Effect of RAD001 alone or in combination with neratinib and/or fulvestrant in vivo

To assess the effect of the drugs as monotherapies or combinations on tumour volume in vivo, mice were implanted with MCF72a-LTED ER+ tumour cells, which grow independently of exogenous E and model relapse on an AI (details regarding generation of this model are shown in Additional file 6: Figure S6a). Animals were treated with vehicle, monotherapy (RAD001, neratinib or fulvestrant), dual, or triple therapy combinations. The mean fold-change in tumour volume for each treatment was expressed relative to the start of treatment (Fig. 6a). Tumour volumes for the control vehicle group increased 1.8-times over the treatment period (p = 0.1). All monotherapies caused a reduction in tumour volume by day 41 compared with the start of treatment (RAD001: 36%, p = 0.03; neratinib: 23%, p = 0.6; fulvestrant: 37%, p = 0.03). Dual combination therapies showed a further reduction in tumour volume (RAD001 + neratinib: 73%, p = 0.03; RAD001 + fulvestrant: 72%, p = 0.004; neratinib + fulvestrant: 65%, p = 0.004). Triple combination of RAD001, neratinib, plus fulvestrant was the most effective, resulting in an 80% inhibition in tumour growth (p = 0.008). Assessment of mouse weights showed that the drug combinations had no significant effect during the course of the study (Fig. 6b).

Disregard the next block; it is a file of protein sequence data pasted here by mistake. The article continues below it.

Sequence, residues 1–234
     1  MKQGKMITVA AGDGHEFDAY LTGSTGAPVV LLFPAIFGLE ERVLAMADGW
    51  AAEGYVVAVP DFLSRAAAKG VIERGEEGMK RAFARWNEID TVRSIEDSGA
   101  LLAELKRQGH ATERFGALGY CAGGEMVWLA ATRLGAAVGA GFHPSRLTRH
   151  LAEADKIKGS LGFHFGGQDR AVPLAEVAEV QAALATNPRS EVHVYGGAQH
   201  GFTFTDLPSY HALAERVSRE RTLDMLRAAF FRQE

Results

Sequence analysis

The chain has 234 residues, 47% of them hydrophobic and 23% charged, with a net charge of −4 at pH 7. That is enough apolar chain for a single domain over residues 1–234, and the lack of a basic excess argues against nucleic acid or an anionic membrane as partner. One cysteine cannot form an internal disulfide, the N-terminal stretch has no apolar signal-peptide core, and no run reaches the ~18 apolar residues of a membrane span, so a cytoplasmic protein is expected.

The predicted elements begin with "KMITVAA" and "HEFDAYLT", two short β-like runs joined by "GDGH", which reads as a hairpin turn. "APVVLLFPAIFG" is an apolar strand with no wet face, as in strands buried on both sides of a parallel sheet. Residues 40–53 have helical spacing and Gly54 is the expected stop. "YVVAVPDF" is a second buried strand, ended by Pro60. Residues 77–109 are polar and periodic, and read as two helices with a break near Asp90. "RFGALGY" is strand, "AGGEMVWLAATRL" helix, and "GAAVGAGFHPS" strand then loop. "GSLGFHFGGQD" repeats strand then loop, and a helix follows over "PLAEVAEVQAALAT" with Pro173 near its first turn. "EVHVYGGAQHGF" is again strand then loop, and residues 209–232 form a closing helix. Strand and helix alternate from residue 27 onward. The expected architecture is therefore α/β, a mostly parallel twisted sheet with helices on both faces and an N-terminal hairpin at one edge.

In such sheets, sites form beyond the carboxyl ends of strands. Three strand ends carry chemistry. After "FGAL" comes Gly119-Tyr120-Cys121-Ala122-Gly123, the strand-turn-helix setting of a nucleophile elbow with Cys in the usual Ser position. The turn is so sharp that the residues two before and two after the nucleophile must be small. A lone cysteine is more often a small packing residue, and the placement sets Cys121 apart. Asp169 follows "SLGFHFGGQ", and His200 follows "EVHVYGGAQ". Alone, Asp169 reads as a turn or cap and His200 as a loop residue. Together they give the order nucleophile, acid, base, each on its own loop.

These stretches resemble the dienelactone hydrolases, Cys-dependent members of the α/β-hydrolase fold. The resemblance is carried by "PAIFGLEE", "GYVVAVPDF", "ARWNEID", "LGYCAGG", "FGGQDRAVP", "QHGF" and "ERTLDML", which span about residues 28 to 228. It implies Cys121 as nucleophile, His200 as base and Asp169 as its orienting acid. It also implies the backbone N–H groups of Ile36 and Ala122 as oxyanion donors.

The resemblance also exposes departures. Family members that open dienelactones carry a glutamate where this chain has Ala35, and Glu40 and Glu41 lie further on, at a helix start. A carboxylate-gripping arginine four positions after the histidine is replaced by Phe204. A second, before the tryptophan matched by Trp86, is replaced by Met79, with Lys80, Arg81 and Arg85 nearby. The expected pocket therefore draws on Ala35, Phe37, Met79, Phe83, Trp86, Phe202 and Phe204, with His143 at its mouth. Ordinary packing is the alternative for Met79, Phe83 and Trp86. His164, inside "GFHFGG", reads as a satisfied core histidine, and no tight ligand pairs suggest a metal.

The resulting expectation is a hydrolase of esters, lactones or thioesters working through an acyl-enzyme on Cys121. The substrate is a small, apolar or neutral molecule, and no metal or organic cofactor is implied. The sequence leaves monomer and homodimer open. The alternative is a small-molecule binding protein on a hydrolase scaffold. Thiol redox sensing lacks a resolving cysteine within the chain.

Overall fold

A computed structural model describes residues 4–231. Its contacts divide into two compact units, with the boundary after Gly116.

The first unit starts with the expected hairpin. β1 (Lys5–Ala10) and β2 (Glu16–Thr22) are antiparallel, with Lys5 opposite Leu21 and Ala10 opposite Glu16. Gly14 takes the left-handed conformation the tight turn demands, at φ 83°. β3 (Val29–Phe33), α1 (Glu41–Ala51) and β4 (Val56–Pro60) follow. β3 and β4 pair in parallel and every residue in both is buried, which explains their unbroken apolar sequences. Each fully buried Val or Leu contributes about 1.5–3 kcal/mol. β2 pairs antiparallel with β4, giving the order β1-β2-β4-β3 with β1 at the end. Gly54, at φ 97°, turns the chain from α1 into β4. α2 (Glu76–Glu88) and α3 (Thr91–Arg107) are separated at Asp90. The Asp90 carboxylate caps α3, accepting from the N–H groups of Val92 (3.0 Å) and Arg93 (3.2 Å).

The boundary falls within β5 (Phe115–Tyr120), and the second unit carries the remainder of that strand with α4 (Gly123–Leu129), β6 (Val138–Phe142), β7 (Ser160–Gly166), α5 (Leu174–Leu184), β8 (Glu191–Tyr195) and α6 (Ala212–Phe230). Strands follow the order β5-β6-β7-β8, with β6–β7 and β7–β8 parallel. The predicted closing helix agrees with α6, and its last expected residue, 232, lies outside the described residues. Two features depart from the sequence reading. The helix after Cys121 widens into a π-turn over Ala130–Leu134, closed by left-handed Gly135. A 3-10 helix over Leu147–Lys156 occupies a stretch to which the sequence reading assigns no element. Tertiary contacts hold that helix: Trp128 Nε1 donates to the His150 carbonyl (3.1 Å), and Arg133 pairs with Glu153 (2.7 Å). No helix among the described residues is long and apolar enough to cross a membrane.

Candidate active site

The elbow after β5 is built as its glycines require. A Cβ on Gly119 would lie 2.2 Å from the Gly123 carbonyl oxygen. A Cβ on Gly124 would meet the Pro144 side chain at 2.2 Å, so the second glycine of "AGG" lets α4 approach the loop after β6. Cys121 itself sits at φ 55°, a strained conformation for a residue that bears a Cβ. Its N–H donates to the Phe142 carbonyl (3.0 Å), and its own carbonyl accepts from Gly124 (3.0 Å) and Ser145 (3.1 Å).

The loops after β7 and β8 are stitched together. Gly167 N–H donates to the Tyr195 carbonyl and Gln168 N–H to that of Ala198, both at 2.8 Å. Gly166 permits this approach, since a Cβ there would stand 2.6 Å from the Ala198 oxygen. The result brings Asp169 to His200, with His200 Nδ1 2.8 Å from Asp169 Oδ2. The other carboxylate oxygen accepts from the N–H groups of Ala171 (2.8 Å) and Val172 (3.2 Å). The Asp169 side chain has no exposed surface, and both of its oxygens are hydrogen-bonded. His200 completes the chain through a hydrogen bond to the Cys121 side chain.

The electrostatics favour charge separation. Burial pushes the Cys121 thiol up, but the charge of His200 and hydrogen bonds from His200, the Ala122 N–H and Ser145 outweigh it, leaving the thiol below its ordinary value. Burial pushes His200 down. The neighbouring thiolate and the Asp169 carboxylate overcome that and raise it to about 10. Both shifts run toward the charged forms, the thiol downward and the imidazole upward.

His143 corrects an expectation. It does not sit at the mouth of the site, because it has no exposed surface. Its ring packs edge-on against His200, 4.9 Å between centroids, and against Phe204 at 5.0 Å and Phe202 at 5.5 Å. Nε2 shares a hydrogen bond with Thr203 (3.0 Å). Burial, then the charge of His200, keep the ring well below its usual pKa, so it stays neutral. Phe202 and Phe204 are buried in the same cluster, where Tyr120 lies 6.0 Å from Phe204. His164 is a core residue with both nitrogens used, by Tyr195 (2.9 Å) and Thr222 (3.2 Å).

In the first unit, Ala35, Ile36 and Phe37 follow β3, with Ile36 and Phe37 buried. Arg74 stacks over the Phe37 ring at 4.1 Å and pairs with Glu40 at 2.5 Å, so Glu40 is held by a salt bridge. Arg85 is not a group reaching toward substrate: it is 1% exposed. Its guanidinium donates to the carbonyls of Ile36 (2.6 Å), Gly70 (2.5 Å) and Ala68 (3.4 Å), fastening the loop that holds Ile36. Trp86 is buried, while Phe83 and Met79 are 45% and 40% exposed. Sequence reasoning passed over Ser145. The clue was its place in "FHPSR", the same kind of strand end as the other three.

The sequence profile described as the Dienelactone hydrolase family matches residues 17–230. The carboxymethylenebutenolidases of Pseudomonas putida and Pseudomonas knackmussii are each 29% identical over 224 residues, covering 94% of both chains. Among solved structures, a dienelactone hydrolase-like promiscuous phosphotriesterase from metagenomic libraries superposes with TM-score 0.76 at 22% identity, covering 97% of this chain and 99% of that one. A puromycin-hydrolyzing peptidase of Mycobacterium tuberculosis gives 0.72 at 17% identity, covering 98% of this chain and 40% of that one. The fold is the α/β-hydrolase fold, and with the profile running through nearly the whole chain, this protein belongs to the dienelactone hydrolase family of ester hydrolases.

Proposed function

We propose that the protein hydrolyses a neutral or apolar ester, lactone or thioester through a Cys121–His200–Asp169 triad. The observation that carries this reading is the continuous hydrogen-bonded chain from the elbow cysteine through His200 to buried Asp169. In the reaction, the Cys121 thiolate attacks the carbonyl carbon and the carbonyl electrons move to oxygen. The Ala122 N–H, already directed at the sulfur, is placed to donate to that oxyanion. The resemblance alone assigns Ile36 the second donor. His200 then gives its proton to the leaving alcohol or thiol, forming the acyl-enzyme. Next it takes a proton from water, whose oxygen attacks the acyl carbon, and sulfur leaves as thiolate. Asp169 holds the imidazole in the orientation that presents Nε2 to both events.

Fig. 6
Fig. 6

Effect of RAD001 (RAD) and neratinib (Ner) alone or in combination with endocrine therapy in vivo. a Long-term study assessing the relative mean changes in tumour volume over 41 days of treatment and b effect of drug regimes on animal weight. Error bars represent mean ± SEM (n = 7–9 animals per group). RAD001, 2 mg/kg; neratinib, 40 mg/kg; fulvestrant (ICI), 5 mg/kg. c–f GSEA enrichment plots for 198 genes known to be induced by sustained activation of ERK in response to EGF activity. Plots show the profile of the running Enrichment Score and positions of GeneSet Members on the Rank Ordered List for rank gene lists generated from the comparison of c neratinib vs. vehicle (Veh), d RAD001 vs. vehicle, e RAD001 + neratinib vs. RAD001, and f RAD001 + neratinib + ICI vs. RAD001 + neratinib